The Volt qualifies for a $7,500 Federal income-tax credit and a variety of state, local, and corporate incentives. In California, where more Volts are sold than in any other state, those include a $2,500 purchase rebate and single-occupant access to the coveted carpool lane at rush hour.
For those worried about battery life, the Volt's lithium-ion battery pack is warranted for eight years or 100,000 miles--but leasing a Volt rather than buying it eliminates that worry entirely. For 2015, the Volt comes with five years or 100,000 miles of roadside assistance. It has bumper-to-bumper coverage for three years/36,000 miles, along with a limited engine warranty of five years/100,000 miles.
2015 Chevrolet Volt
The 2015 Chevy Volt gets 37 mpg even in gasoline mode, higher than most small cars, and two-thirds of Volt miles are covered on grid electricity.
The 2015 Chevy Volt is rated at 38 miles of electric range from its lithium-ion battery pack, unchanged from last year's model. But the slightly larger-capacity battery (17.1 kilowatt-hours vs last year's 16.5 kWh) fitted for 2015 means that drivers may see an extra mile or two of range compared to last year's Volt. While that may not seem like much, aggregated data from thousands of Volts shows that about two-thirds of all miles were covered on battery power recharged from the grid--and only one-third by burning gasoline in the range-extending engine.
When that range extender switches on, the 2015 Volt is rated at 37 miles per gallon combined. That's not as high as the 50-mpg Toyota Prius hybrid, but it still makes the Volt one of the most fuel-efficient cars sold in the U.S.--and it's higher than almost any pure gasoline vehicle except the tiny, tinny Mitsubishi Mirage minicar. In practice, Volts used for commuting distances of less than 40 miles a day may go for weeks without switching on their gasoline range extenders. (The car's engineers had to build in a function so that a Volt will ask the owner's permission to switch on the gasoline engine every few months if it hasn't been used, to circulate liquids and keep the system in good running order.)
The 2015 Volt's efficiency rating is 98 MPGe, or Miles Per Gallon Equivalent. That's a measure of how far a car can travel electrically on the amount of energy that's contained in 1 gallon of gasoline. That rating puts the Volt in the middle of the plug-in pack for efficiency. Several vehicles exceed that number, including the new champ, the BMW i3 battery-electric car at 124 MPGe--but some of them are smaller and offer less performance than the Volt.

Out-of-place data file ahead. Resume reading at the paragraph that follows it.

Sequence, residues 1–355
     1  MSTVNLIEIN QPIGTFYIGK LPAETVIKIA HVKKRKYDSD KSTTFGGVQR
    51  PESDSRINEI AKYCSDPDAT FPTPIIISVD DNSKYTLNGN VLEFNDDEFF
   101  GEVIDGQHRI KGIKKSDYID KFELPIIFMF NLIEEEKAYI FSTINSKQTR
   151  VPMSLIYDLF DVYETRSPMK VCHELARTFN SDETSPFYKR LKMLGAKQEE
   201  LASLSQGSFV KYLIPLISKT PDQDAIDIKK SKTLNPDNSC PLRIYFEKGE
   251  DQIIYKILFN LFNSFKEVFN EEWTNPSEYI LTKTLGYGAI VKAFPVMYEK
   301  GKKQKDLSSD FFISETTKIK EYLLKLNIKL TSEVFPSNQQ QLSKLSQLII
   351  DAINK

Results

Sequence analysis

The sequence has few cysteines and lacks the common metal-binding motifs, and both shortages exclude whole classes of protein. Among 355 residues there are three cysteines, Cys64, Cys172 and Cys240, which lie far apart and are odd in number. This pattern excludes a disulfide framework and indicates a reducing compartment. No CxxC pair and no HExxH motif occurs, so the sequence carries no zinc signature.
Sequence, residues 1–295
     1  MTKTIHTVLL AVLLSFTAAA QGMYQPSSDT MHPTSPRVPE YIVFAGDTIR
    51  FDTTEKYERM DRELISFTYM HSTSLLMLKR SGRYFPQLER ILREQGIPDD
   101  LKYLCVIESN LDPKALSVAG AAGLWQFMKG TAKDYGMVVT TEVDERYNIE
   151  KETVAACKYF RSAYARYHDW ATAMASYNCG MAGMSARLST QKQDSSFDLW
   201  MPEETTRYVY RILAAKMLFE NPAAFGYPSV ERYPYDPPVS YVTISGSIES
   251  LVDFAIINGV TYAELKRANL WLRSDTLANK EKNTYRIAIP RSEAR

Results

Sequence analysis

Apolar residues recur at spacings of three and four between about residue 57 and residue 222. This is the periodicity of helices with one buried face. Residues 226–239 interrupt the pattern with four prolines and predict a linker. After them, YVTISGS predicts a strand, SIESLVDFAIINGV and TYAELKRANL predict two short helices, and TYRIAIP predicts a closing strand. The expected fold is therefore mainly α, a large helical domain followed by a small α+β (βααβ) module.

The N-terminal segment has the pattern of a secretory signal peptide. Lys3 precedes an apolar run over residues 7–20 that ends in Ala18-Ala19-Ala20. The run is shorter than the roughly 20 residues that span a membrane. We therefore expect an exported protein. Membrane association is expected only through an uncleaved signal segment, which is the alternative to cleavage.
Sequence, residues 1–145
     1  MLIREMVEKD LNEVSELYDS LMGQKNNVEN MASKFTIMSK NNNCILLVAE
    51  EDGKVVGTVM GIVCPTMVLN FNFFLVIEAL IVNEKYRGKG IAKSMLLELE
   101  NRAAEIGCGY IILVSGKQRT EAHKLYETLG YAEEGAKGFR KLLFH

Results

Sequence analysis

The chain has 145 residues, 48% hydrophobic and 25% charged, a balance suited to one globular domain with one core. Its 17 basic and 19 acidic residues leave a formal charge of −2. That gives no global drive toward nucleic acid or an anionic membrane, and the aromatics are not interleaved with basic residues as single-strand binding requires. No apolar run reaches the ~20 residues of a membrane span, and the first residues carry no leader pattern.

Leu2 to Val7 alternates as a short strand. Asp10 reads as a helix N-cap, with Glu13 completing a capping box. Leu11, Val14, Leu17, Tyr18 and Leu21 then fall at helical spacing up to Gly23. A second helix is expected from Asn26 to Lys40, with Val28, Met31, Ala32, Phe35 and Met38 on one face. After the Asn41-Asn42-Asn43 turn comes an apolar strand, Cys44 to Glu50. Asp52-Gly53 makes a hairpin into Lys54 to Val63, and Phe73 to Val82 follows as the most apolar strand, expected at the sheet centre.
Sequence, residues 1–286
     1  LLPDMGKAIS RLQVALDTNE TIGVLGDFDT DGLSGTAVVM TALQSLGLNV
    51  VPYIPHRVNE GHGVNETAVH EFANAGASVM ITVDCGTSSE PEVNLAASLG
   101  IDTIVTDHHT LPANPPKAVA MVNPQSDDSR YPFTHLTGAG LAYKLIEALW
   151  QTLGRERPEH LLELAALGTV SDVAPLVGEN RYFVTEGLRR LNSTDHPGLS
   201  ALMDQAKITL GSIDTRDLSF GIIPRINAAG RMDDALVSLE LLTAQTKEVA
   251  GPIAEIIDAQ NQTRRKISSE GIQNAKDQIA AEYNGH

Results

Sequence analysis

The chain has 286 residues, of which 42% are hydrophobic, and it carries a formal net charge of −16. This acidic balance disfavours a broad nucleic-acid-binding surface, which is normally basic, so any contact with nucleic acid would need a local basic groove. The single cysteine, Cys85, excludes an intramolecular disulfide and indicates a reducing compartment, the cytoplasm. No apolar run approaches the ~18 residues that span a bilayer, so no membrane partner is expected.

Any vehicle that plugs into the electric grid and can run electrically for at least 10 miles gets our highest Green rating of 10. To recharge a Volt takes 7 to 10 hours using standard 120-Volt household power, or about half that with a 240-Volt Level 2 charging station. The dedicated charging station isn't required to use a Volt if reliable overnight charging is possible with the car's standard charging cord, and many Volt owners never bother to install a charging station.
While the price of electricity varies by almost a factor of 10 in different areas of the U.S.--from 3 to 25 cents per kWh--it's virtually always cheaper to drive a mile on grid power than by burning gasoline. And while you may hear people dismiss electric cars as "running on coal," the calculations show that driving a Volt recharged on grid electricity--or any other plug-in car--is always cleaner than a 25-mpg car, and only marginally worse than a 50-mpg Prius hybrid in a handful of states with the very dirtiest coal-based electric grids.